As exciting as it may be to wax nostalgic about what happened a mere decade ago, it's also fallacy to think it can happen again. Or is it?
This has been a huge internal struggle for me, as I can be quite the optimist, yet able to understand the reality of so many things working against this team. I'm a firm believer that man, collectively, pushes the limits of what's possible every single day. It's always possible to redefine what's possible. Of course, there are always exceptions to every rule. There's always deviation from every standard. Things go statistically wacky every day.
Is it realistic to believe that this team can compete this year? Probably not. But what person or group of people ever succeeded in making the previously impossible possible by telling themselves that what they are about to embark on is impossible? If we're looking at rebuilding the M's into a competitive club any time in the near future, then the very first step, as Lou Piniella taught this team back in the early '90s, is that losing is unacceptable. The strike-shortened 1994 season was nearly as bad, winning percentage wise, as what we're seeing now (43.8% -- between the 38.9% we saw last year, and the 45.8% we've seen so far this year). With the wounds of the strike still very fresh, the 1995 team didn't exactly get off to the greatest of starts, either. But look where they ended up.
Of course, the talent level on that 1995 team was much different than that of this current team. Unless Felix comes in, shows he's healthy, and pitches to the epitome of his potential right away, then this team doesn't have a Randy Johnson ruddering its rotation. I'm pretty sure that getting Pokey Reese off the DL is not like getting Ken Griffey Juinor back in '95. Maybe if Bucky ever gets healthy, then you might have a better parallel comparison there. Willie Bloomquist
might be as good as Rich Amaral
, Alex Diaz
, or Luis Sojo
, and is definitely as well-liked, but still -- this is a much different team in a much different situation.
Bill Bavasi, Mike Hargrove, and the rest of the M's brass are getting paid millions of times more than any of us bloggers are to do their jobs. In spite of how well we armchair GMs may think we could be running this team, they're still the only ones currently employed making their very comfortable livings to do just that task. There's nothing a single one of us can do except (perhaps foolishly) expend our energy trying to make this team better, shouting at whomever will listen to get the job done or make us (arguably) feel slightly better.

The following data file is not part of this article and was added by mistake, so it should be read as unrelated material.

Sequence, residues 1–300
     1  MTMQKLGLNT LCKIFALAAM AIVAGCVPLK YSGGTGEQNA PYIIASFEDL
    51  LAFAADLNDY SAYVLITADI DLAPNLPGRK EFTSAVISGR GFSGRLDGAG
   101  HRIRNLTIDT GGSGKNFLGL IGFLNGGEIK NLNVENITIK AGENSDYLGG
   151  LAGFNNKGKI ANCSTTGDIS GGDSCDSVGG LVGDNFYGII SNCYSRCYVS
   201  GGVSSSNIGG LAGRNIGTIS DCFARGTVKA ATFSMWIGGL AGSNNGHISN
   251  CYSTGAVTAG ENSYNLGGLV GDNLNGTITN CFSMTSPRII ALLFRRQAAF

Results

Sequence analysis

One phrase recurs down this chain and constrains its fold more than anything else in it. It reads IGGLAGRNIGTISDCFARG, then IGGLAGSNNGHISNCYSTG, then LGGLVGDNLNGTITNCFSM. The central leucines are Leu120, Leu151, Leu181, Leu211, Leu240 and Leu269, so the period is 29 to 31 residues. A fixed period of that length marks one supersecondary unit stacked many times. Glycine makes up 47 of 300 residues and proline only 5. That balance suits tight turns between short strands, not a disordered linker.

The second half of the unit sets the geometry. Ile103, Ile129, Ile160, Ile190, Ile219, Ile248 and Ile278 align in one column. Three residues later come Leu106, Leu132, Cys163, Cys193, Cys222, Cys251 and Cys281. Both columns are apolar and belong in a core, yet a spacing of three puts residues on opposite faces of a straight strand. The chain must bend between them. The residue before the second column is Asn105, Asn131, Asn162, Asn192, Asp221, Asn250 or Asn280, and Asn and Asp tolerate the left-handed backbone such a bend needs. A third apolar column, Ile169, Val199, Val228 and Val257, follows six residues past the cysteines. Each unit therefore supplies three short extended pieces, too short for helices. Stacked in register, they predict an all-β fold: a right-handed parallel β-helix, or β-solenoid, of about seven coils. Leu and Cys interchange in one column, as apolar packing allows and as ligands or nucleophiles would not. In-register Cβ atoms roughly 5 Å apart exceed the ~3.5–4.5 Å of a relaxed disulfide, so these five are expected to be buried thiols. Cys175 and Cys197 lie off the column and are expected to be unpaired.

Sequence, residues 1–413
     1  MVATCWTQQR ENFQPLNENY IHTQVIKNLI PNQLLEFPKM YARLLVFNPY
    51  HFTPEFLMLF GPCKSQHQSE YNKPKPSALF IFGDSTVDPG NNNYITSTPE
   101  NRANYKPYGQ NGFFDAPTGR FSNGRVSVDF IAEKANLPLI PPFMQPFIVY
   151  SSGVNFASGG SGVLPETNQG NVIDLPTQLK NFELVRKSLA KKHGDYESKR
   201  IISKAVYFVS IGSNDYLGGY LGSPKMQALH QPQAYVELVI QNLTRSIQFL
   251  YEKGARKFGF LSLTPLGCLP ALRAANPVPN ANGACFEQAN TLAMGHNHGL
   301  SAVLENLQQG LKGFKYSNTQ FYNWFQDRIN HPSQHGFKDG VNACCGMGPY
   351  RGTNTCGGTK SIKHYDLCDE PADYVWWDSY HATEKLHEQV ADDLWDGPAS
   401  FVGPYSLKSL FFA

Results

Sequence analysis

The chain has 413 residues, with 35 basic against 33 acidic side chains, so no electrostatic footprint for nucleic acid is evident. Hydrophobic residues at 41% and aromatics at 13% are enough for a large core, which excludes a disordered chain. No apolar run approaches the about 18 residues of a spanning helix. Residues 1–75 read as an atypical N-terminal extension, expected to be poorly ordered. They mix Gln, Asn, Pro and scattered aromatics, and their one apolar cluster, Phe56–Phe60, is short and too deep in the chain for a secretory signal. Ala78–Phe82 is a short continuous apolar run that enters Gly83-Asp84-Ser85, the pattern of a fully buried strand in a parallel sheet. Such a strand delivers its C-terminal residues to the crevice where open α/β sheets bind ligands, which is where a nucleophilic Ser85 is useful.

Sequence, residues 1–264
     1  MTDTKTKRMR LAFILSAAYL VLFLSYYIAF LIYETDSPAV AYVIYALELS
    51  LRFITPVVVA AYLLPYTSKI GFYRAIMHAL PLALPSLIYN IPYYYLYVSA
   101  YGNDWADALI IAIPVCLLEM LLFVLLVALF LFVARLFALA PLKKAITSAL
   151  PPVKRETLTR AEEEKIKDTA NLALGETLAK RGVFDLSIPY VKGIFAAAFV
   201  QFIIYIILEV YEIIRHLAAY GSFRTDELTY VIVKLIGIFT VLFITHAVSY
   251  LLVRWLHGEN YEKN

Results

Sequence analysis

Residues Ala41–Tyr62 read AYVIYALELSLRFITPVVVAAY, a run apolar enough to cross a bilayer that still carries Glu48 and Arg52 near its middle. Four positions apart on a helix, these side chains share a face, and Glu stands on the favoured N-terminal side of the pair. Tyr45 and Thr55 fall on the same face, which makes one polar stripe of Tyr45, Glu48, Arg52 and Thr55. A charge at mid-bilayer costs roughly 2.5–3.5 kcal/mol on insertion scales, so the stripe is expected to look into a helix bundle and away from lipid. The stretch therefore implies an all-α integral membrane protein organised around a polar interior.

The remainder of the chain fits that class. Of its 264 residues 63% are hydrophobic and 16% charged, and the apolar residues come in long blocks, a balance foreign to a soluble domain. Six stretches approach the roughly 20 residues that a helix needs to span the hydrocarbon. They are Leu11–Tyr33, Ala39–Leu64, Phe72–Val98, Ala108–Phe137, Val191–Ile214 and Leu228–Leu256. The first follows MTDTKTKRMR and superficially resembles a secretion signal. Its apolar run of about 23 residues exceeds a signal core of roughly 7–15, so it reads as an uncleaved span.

For that very reason, I've decided against doing a mid-season report card. What's really the point? I would hope and assume that the guys being paid the big bucks to run this team have looked at how this club needs to improve. I would hope and assume that they are trying to do things, based upon intensely complicated parameters we could barely envision, to turn this club into a winner both now and in the long-term.
Which brings me around to my main point. I'd much rather have this team focused on taking steps to turn the impossible into the possible than to have a team that implodes on itself by pointing fingers at other teammates and management. I was actually thinking about this long before Thomas Harding's article
on Ichiro's that showed up today on the M's site revealing Ichiro's excitement over the possibilities of the second half of 2005:
Seattle right fielder Ichiro Suzuki solemnly stated his second-half goal in Japanese to his interpreter, Allen Turner:
"The goal is to go 70-6."
The laughter the answer brought snapped Ichiro into English:
"Why you laughing?"
"I'd rather have people say, 'He can break that record,' rather than people saying, 'I wonder if he can get 150 hits this year.'
"It's a better way of looking at it."
This comes from a guy who doesn't think seemingly impossible standards are funny.
If Ichiro's high expectations were to rub off on this team, think of what this team could accomplish! Granted, Willie Bloomquist does not have Ichiro's talent. But does that really matter? Again, if you set goals that are geared towards mediocrity, then you'll end up underacheiving. Sometimes you might want to set your goal just above what you think you may be able to acheive. Is that being merely blindly optimistic? Well, it depends. If you truly change your attitude and focus your energy on accomplishing that goal, then maybe it isn't. You have to know when to call a spade a spade, and maybe Boone's DFA is the signal of calling this team a spade. However, maybe Boone's presence was hurting this team's focus moreso than it was helping it.
It's certainly laughable to think that this team can go 70-6 the rest of the way. If they did that, they truly would be making the impossible possible. I'd still rather say that this team can improve, and make it back to .500 (a more possible impossibility, however difficult it may seem, than going 70-6 the rest of the way) than wonder if we can even improve on last season's record.
After all, mere attitude and self-sacrifice to the common goal can turn the seemingly impossible into the possible. Add intense focus and desire into the mix, and you can even exceed what you initially envisioned. I experienced this first hand being a part of a team of folks using the limited and under-refined talents we had to serve a common, aggressive, but clear and achievable goal. Sure, we were carried on the backs of a few stars without whose talent and experience, our goal would not have been met. But without the cooperation and focus of everyone involved on our common goal, the people of the world would not have chosen my team over the gecko's
Let's focus on helping make the impossible possible. In memory of the recently departed Luther Vandross, crank it up